Prior to VW the scandal, the Commission was set to finalise proposals for a more realistic test process later this month, with the new regulations coming into force in 2017. However, the VW test rigging controversy is reported to be seen as a catalyst for quicker change, with some reporting that the new tests could even come into force in early 2016.
The new tests are called the Worldwide Harmonized Light Vehicles Test Procedures (WLTP) and define a global standard for emissions testing. They have been drawn up with consultation from the European Union, Japan, and India under guidelines of UNECE World Forum for Harmonization of Vehicle Regulations. In conjunction, a new set of standards are also being set under the Real Driving Emissions standard.
PSA Peugeot Citroen and Mercedes led calls for the adoption of tougher, more realistic emissions tests in Europe in the wake of the VW emissions scandal.
A Mercedes statement released in the wake of the VW scandal read: "We actively support the work being done within Europe and Germany in order to develop new testing methods which measure emissions based on real driving conditions."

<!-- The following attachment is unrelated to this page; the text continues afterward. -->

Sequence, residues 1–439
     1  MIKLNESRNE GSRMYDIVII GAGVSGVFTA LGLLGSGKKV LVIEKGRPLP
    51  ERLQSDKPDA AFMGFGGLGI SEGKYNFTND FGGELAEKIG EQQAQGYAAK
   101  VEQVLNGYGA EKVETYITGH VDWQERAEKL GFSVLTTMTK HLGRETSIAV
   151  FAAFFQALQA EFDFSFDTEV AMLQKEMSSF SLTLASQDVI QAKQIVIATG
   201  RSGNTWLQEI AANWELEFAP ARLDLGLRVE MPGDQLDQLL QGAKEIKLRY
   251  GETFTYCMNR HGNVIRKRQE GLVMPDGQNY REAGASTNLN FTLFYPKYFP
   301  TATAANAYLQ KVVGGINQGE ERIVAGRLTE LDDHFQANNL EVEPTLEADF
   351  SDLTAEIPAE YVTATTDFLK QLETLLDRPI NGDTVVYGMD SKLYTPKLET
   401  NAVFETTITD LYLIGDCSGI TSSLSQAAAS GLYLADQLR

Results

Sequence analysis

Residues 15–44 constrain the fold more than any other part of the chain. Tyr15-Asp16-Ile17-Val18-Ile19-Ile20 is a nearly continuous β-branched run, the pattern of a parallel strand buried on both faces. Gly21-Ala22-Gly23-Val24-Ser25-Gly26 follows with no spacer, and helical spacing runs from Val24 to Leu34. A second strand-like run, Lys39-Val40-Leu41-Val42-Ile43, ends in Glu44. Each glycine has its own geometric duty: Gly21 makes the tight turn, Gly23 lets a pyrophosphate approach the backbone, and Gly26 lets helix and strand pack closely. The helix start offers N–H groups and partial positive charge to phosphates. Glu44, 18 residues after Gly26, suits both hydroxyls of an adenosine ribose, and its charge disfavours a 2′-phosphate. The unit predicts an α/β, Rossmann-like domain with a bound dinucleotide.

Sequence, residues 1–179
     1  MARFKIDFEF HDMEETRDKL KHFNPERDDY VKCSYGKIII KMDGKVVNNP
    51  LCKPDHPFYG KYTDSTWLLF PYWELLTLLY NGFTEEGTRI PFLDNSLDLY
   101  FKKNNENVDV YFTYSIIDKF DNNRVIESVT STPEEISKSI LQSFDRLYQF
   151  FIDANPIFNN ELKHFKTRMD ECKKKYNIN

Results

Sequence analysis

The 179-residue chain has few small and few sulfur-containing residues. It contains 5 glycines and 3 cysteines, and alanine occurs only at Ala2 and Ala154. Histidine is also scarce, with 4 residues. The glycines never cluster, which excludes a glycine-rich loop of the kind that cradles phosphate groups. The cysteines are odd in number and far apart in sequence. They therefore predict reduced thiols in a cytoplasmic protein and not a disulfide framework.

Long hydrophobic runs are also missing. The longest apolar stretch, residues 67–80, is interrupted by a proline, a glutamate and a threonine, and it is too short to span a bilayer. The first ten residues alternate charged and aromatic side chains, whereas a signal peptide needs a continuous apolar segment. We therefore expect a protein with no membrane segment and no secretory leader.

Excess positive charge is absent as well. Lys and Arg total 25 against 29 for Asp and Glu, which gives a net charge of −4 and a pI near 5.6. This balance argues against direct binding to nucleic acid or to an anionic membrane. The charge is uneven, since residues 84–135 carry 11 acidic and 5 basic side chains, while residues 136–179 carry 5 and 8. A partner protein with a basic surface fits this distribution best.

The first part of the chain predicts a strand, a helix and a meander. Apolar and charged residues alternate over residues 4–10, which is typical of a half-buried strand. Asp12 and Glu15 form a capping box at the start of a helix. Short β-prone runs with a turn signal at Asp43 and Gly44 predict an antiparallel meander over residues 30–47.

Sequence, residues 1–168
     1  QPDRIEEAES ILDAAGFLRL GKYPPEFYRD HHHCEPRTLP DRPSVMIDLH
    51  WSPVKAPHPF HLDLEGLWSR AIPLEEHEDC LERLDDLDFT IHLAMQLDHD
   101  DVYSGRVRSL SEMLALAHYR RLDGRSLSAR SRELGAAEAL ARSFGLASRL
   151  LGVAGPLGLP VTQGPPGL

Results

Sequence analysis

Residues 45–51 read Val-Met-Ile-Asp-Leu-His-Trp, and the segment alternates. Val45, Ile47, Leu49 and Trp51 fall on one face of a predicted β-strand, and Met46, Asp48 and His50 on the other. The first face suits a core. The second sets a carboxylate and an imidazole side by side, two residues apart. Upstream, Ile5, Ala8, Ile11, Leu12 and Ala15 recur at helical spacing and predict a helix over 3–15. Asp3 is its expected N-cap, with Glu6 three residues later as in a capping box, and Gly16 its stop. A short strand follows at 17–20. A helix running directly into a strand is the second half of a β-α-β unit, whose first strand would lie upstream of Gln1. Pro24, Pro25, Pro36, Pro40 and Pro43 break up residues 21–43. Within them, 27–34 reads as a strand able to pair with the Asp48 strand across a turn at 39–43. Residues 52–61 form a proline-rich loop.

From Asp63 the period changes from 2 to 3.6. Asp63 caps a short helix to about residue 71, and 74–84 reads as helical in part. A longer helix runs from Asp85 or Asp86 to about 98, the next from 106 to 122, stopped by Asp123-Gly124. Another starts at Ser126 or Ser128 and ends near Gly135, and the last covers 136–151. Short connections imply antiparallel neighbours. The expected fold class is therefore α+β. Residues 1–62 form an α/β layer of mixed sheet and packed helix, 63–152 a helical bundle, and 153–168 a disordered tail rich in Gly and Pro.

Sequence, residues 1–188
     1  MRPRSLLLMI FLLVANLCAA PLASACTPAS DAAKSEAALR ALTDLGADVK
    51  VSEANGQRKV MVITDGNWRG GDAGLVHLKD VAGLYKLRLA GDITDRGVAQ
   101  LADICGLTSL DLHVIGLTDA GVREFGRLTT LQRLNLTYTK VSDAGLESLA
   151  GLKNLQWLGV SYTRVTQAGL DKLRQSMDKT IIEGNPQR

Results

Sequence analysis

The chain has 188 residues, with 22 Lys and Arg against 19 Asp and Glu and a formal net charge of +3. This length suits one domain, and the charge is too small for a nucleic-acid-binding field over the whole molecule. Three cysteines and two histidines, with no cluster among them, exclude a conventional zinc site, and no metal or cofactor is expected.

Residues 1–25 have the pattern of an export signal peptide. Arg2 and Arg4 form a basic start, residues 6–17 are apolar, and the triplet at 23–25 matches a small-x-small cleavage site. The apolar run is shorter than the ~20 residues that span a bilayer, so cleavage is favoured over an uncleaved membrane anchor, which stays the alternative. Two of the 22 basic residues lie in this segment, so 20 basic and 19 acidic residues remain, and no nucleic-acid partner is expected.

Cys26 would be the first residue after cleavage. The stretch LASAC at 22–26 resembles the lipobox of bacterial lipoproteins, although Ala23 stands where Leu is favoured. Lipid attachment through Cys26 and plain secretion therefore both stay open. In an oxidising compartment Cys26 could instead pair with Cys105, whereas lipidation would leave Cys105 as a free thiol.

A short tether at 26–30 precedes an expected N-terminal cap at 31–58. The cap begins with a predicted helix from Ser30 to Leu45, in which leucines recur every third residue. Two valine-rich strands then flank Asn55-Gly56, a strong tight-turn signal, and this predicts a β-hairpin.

PSA's statement said: "In the spirit of improving air quality, PSA supports introducing the new procedure WLTP plus RDE from September 2017 in its most demanding version, to replace the current European approval procedure NEDC, which is not representative of real customer use."
The statement also underlined that the PSA group’s vehicles all fully meet regulations at present, and underlined the positive real-world emissions and economy results of its latest range of Euro 6 compliant engines. It read: “PSA’s Research & Development Department reaffirms that PSA complies with the approval procedures in effect in all countries where it operates, and that engine settings, assuming the same conditions of use, are identical whether for approval procedures or in real life.
“Further, PSA notes that the SCR (Selective Catalytic Reduction) system installed on all its Euro 6 diesel vehicles produces variances that are among the lowest in the automotive industry between approved emissions and those arising from customer use.”
Read more on the Volkswagen emissions scandal:
How the Volkswagen story unfolded
How VW's 'defeat device' works
VW board anticipates more top-line casualties
European cars are affected, says German minister
PSA Peugeot Citroën leads calls for tougher emissions test procedures
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